On the Island, while the things I’ve described take priority, I manage to stay in touch with the “real” world on the other side of Vineyard Sound. Each morning The Boston Globe and The New York Times, and evenings the TV news fill me in. And it’s a joy just to watch the political conventions, or the Ollie North hearings, or the Olympics and not have to actually work them anymore.

I recall on one occasion, though, during the Israeli invasion of Lebanon, CBS convinced me to go because Arafat had declared that I was the only one with whom he would talk. My wife tried to dissuade me; she felt it was too dangerous, and besides it was vacation time and I shouldn’t even think of going. I kept saying to myself, “I shouldn’t do this . . . I shouldn’t . . .” because at the end of a 60 Minutes season I’m fed up with all of the travel and cherish the notion of just staying put.

But in the end I convinced myself that this was an opportunity I just couldn’t pass up. During a previous 60 Minutes segment, Arafat had become particularly upset with me about the way the interview had gone, and I had a hard time believing he would grant me another one but I was curious. So I got myself to Damascus, took a taxi through the night to Beirut, and when I finally got there, Arafat’s press secretary said to me, “What are you doing here?” I said “What do you mean, I was told to come!”

And after a couple of days of back-and-forth it became apparent that they wouldn’t, in fact, let me see him. So back to the Vineyard with my tail between my legs, to friends who laughed at me for leaving in the first place. Why leave paradise for just another interview?

I’ve thought occasionally about combining my life here with my profession, but each time I think seriously about it, my instinct tells me to leave the place alone. The only time I was ever really close to doing a 60 Minutes piece was during the Chappaquiddick episode back in 1969. I moved about the Island talking to various people who were involved, but there was a reluctance to discuss it on camera, and we finally decided to skip it.

Generally, I avoid doing anything about the Vineyard, particularly a “the Vineyard-is-paradise-found” type of puff pieces, because that’s just not my beat. If another story of considerable proportion came along, like the Kennedy tragedy, I’d probably do it because of my special understanding of the locale, but there really aren’t any generic topics here to say to me “you simply must do that story.”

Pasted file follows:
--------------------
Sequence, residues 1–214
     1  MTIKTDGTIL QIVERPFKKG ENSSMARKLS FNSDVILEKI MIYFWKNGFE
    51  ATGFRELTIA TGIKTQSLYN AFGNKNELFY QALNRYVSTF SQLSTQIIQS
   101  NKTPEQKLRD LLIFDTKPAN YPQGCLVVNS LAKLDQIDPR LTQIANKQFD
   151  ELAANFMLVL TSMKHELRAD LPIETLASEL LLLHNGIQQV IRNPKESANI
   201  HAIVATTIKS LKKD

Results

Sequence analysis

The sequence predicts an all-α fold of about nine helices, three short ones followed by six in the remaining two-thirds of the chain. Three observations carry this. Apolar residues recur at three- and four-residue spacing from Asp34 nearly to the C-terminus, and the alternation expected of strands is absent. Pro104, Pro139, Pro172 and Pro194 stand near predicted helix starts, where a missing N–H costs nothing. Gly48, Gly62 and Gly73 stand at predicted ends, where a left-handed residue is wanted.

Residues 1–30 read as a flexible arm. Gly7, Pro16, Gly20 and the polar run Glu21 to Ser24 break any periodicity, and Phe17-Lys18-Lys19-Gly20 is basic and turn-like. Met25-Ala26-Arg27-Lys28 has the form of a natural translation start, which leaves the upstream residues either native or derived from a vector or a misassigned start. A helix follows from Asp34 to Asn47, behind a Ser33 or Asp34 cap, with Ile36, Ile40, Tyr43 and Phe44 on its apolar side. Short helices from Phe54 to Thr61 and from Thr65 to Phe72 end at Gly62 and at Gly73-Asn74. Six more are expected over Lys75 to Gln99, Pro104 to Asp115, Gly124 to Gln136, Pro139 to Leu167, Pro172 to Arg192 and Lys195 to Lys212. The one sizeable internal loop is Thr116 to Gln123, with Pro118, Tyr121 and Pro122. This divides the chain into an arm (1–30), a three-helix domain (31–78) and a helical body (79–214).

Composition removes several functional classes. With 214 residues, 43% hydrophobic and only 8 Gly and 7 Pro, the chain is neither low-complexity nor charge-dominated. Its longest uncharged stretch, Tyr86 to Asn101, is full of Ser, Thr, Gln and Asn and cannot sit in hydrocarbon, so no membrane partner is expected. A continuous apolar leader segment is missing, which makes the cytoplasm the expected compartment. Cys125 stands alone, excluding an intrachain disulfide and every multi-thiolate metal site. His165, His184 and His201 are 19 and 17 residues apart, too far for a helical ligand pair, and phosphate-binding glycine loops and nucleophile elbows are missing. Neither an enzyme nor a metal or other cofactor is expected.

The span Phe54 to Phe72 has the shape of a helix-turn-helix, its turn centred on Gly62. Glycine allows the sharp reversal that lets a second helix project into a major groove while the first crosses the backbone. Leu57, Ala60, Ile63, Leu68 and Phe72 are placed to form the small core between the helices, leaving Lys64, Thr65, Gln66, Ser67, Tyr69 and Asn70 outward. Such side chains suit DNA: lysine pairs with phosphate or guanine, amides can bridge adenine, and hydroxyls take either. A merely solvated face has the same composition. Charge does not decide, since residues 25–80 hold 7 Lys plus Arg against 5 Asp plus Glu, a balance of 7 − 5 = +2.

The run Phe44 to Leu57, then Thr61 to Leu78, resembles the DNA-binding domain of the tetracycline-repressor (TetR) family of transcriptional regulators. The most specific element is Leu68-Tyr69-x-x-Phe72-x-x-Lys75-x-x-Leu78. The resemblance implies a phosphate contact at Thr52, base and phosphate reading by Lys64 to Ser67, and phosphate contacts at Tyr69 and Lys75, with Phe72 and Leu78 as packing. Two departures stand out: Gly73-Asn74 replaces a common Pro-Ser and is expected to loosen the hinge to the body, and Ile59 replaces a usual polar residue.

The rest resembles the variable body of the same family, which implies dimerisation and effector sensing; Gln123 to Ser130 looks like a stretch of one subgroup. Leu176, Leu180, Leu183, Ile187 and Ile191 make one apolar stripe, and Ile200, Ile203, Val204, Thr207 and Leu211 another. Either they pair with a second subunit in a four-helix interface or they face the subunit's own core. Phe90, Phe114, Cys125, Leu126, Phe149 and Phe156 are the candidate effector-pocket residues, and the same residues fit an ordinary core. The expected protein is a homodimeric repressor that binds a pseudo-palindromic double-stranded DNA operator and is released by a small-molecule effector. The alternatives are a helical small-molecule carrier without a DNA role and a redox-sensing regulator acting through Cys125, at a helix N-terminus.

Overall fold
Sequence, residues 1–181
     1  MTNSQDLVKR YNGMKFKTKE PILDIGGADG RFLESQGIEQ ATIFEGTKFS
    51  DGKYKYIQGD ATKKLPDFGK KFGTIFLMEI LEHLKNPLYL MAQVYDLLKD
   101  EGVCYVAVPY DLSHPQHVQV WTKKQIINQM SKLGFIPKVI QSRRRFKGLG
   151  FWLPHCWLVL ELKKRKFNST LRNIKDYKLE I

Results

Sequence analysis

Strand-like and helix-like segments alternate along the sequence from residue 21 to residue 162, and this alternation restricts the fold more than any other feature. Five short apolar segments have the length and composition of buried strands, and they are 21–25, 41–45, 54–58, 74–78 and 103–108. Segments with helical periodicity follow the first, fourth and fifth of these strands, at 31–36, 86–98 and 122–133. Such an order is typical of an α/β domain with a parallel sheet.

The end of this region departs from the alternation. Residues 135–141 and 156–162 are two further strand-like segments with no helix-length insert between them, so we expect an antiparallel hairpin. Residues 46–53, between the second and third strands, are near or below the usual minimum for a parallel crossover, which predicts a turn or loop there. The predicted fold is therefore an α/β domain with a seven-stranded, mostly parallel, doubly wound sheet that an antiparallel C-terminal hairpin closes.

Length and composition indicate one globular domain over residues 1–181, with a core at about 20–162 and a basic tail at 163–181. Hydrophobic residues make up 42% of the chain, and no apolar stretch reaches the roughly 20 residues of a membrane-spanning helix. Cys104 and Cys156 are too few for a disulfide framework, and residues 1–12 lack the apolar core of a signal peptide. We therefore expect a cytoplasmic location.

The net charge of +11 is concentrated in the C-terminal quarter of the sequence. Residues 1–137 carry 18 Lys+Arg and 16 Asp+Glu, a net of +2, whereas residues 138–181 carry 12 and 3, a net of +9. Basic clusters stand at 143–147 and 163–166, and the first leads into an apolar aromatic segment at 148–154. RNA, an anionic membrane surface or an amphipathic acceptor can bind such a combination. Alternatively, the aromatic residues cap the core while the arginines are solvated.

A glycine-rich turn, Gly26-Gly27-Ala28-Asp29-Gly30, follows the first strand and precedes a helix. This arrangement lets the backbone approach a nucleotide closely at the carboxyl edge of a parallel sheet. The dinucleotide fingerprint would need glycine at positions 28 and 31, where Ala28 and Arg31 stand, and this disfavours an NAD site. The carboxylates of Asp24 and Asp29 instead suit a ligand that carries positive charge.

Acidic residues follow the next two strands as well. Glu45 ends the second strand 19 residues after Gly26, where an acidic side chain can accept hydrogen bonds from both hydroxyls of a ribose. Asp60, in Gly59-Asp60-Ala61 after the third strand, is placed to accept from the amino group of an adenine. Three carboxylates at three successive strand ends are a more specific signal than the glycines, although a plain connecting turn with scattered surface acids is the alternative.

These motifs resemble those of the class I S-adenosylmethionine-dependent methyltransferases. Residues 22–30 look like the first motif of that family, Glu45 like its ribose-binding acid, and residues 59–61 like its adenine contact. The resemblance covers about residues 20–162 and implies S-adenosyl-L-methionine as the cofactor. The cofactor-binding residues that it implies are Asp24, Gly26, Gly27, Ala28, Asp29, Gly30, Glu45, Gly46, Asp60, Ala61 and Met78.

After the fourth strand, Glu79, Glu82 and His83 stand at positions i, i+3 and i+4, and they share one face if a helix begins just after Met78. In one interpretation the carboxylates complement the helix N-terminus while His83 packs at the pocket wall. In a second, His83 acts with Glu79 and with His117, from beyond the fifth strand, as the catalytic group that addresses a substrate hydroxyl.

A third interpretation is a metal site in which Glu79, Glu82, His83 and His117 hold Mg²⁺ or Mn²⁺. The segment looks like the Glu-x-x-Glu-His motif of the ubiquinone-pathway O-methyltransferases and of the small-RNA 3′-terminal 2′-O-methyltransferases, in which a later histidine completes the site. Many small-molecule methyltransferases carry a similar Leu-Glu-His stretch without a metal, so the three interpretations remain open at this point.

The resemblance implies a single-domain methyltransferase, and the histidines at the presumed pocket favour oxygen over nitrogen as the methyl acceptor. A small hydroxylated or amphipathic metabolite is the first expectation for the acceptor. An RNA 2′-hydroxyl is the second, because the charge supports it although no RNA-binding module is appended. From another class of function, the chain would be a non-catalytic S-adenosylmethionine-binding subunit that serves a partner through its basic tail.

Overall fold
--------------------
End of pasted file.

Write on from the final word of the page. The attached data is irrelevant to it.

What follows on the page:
In some respects, the Vineyard is a microcosm of the country — with issues like the hospital, drugs, ecology, overdevelopment, economic hardship and affordable housing — but given the choice, I’d prefer doing those stories about other places.

The Vineyard already receives too much media exposure and there’s not much we can do about it. It’s just too alluring and unique to ignore. It is true that many people — too many during the summer — are drawn to visit; the media have created a curiosity, a mystique about the place. People want to find out for themselves what all the commotion is about. Summer residents who vacation here may resent the magazine and television coverage, the hordes of tourists and the traffic jams, but I have trouble believing that the year-rounders really mind, because ultimately it helps their pocketbooks and keeps the Island economically healthy.

The fact that some celebrated people choose to live here creates a sort of curiosity about the place. Why the Vineyard? Possibly because the alternatives aren’t as appealing. Nantucket somehow seems a trifle more self-conscious, and the Hamptons are New York city once removed; too trendy and incestuous. And the Cape is just too crowded.

The Vineyard fortunately, is protected because it’s less accessible. At some point, I suppose the Vineyard will reach its people limit and some measure will be taken to prevent further development; already various Island planning boards and commissions have been slowing things down. I just hope they continue turning down Art Buchwald’s plea to build a bridge over from Falmouth so he can get more gullible tennis partners who are willing to chase his lobs.